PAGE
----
The progress of the plot is mapped out by occasions when Hero, and later Rory, are locked in somewhere. Rory locks Hero into the cabin on the Virago, twice, in order to prevent her from witnessing his clandestine activities. Later, after staging her abduction, he locks her into his cabin's privy: the smallest and most humiliating space Hero is ever confined to. That should be an indication of how we are supposed to regard her rape! Later, during the cholera epidemic, it is Hero's family who literally lock her into the home, and even threaten to confine her to her room, in order to prevent her from getting involved in yet another inopportune and "improper" action of compassion and humanity.
After he has abducted and raped Hero, Rory is gradually confined to more and more narrow and unpleasant spaces. At first he hides in a private room in the Sultan's palace, enjoying all the comforts of luxury except freedom to go where he pleases. Then he spends several weeks confined to a country house in a remote part of the island, doomed to inactivity and cut off from any news of the outside world. When he learns that the cholera epidemic which has been devastating the African continent, has taken hold on Zanzibar, he gives himself up to the law in order to enable his household and crew to leave the island (a futile gesture, as it turns out, since his little daughter Amrah is already ill and the Virago never sails) – and is imprisoned in Zanzibar fort, where he is completely dependant on a sadistic jail keeper to provide him with his basic needs, such as food and water – and where he eventually finds himself abandoned in his cell while everyone else has died of the cholera, or run away.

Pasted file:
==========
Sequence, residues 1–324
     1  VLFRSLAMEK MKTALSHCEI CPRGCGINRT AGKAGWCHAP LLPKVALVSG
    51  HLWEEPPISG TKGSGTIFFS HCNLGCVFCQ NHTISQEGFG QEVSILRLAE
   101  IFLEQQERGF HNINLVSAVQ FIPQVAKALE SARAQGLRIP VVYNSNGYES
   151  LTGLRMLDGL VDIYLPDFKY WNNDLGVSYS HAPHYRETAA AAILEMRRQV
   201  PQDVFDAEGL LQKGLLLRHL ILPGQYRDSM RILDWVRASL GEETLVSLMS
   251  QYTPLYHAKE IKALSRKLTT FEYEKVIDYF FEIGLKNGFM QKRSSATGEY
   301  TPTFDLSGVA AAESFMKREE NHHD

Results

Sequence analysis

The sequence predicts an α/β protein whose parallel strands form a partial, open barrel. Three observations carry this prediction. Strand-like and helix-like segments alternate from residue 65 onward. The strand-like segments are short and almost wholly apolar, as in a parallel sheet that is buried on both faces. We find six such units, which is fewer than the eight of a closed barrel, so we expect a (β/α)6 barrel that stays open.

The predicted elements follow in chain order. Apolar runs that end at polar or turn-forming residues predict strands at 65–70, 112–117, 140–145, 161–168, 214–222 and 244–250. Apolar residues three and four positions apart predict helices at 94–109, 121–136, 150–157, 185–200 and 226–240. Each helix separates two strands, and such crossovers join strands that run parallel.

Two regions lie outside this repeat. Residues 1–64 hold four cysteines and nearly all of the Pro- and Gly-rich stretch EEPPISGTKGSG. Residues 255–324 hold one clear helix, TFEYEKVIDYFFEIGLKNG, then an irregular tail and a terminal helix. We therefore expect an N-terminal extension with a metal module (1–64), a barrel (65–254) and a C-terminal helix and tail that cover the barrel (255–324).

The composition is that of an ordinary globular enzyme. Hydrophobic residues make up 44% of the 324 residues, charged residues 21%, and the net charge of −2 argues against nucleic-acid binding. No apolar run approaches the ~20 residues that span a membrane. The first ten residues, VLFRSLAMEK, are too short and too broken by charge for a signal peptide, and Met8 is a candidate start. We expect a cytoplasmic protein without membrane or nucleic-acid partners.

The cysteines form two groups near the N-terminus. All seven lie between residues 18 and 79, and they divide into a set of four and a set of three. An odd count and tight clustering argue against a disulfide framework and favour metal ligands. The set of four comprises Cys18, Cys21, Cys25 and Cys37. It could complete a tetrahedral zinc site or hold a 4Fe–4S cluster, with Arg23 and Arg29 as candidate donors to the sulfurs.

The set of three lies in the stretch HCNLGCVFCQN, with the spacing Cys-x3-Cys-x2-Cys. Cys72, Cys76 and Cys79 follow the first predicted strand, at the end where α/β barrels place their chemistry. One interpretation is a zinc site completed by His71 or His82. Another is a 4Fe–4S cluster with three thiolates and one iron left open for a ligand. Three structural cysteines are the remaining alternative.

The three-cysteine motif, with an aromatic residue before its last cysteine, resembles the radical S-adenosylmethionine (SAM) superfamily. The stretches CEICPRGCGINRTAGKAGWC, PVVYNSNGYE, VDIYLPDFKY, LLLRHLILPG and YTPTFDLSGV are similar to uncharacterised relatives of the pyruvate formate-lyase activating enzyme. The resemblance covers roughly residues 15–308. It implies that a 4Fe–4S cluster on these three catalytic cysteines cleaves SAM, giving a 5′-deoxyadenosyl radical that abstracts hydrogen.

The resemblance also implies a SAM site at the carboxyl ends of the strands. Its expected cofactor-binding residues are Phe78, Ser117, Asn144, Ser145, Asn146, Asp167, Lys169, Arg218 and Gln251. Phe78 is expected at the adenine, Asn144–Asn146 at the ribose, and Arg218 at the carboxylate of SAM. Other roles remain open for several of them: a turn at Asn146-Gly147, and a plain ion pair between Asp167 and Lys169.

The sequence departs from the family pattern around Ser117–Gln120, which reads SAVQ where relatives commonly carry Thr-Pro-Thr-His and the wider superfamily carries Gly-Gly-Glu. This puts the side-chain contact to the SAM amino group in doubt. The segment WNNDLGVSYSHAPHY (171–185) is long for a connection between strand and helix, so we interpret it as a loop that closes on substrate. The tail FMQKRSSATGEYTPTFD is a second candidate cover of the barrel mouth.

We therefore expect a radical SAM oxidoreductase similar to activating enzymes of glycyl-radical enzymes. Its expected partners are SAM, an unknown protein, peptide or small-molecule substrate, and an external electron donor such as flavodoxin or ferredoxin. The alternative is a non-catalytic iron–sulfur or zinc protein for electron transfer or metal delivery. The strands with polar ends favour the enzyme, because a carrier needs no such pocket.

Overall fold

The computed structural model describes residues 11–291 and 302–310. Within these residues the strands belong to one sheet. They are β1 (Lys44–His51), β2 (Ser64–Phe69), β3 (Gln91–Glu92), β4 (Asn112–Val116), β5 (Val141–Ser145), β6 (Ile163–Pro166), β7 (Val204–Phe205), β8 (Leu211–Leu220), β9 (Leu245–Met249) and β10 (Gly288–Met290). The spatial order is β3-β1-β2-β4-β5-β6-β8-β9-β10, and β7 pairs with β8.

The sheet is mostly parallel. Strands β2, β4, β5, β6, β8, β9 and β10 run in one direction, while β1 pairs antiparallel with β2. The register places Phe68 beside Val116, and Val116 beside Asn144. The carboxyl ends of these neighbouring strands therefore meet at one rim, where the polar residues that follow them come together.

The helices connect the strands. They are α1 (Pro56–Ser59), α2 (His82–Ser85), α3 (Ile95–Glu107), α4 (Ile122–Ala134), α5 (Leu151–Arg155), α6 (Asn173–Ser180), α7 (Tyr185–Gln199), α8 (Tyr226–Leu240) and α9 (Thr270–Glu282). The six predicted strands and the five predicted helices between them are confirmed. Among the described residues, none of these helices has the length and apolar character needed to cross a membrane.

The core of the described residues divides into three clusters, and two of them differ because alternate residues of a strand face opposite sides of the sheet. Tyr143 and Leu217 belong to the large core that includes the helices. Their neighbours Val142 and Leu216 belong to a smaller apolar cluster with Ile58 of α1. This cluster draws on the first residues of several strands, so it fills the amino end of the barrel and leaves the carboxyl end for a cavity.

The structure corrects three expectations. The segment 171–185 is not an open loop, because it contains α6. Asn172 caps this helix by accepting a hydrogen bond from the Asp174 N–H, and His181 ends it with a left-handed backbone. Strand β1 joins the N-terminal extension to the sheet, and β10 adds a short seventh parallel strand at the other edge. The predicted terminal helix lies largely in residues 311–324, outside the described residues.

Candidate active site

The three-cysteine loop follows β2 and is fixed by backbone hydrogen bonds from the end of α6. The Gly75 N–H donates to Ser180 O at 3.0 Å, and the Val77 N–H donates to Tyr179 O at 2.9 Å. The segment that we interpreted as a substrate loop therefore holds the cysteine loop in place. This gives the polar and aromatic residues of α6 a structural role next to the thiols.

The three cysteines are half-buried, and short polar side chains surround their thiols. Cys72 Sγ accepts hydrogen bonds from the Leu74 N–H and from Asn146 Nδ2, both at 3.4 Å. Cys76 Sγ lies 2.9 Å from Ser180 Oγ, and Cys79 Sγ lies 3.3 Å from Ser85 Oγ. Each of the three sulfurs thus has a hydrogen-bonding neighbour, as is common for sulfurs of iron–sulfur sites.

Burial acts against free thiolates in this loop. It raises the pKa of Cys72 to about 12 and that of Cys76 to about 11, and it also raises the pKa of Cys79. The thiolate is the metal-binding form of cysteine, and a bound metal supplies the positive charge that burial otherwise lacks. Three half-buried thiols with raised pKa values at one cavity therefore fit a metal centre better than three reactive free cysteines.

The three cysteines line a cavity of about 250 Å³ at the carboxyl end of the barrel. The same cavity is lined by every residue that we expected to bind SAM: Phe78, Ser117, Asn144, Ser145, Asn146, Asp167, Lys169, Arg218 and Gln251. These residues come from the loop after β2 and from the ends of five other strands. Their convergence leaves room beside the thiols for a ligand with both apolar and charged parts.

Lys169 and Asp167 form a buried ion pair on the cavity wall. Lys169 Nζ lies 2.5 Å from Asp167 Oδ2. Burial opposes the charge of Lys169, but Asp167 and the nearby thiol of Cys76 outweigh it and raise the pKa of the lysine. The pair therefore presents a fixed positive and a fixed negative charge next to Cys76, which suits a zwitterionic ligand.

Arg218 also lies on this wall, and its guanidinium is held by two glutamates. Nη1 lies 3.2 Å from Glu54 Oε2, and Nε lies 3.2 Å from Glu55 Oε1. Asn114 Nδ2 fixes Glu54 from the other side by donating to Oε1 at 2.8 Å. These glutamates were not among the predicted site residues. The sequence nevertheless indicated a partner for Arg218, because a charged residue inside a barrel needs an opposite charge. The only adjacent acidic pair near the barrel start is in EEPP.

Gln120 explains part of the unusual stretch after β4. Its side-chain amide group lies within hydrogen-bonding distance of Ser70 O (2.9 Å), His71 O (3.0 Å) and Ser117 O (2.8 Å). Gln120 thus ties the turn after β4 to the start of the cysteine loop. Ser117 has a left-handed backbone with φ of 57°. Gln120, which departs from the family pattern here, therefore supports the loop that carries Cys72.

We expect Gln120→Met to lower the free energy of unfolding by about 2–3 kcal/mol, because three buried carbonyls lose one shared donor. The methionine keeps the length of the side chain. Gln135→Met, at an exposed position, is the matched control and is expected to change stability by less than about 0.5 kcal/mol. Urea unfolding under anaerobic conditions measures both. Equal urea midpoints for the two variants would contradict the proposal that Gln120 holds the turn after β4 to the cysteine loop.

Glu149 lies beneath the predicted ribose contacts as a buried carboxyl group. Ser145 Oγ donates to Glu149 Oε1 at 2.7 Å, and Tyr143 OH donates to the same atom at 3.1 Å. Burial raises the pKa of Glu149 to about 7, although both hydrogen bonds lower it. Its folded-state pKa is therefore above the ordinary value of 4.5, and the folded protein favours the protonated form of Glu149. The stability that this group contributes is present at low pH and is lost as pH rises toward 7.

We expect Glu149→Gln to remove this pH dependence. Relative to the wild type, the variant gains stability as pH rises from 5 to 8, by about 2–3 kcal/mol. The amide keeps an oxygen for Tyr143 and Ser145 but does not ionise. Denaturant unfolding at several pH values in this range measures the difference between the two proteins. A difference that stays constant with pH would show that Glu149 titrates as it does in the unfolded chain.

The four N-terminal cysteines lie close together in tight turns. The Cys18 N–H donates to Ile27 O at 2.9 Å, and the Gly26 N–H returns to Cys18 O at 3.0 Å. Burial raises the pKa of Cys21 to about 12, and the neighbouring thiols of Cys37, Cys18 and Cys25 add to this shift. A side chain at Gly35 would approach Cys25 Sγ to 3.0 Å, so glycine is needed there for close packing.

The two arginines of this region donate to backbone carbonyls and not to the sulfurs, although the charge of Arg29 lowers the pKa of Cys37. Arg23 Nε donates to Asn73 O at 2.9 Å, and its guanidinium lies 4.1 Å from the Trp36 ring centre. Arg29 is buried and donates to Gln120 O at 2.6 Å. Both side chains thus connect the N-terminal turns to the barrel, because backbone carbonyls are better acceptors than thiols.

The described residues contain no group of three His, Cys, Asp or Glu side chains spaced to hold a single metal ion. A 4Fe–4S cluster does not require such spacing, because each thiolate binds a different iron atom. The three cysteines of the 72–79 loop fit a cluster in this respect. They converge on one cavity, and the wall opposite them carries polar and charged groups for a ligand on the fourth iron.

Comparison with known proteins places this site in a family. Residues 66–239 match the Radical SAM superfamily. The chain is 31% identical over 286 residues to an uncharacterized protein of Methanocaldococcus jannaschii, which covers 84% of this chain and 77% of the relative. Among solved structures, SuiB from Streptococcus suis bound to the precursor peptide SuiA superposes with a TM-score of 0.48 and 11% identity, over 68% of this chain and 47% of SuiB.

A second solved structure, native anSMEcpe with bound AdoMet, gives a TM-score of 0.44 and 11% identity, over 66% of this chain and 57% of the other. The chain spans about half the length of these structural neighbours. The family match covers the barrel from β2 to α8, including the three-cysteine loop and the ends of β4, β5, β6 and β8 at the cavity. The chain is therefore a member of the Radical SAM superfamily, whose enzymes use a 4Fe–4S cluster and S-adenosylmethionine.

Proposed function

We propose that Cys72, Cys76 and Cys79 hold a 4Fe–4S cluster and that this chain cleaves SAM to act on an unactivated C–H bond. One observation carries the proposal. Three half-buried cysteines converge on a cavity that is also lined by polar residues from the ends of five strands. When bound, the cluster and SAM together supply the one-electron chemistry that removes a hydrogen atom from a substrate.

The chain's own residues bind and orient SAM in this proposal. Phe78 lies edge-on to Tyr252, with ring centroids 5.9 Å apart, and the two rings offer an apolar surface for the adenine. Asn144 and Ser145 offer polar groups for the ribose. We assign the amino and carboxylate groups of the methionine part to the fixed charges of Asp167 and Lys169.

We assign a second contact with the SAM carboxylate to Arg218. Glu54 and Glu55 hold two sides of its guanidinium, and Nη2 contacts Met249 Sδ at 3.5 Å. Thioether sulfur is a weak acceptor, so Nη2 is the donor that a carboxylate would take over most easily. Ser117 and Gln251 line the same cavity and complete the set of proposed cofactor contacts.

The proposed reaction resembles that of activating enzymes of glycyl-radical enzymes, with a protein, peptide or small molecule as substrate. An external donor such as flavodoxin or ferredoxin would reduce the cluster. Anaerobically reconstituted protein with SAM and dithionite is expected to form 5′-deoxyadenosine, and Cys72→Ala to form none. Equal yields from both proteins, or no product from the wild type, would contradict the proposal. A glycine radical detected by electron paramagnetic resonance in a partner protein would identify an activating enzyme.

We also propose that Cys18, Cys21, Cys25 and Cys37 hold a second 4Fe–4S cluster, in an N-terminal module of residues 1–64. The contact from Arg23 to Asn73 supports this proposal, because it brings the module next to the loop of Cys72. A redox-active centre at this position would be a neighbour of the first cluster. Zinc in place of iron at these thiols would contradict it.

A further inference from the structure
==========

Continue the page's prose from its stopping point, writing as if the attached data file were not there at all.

One of the first visual impressions of Rory Frost we (and Hero) get, is "He stood in the open doorway with the sun shining down on his blond head" – and then he breaks into a roar of laughter. A door standing ajar tempts Hero to sneak into the garden of Kivulimi, the "House of Shade", where she has another crucial encounter with Rory Frost. After her abduction, she declines to lock herself into her room, even though Rory has left her the key. Later, the key falls to the floor and Rory changes his mind and takes it back, carries her through the door and kicks it shut behind them.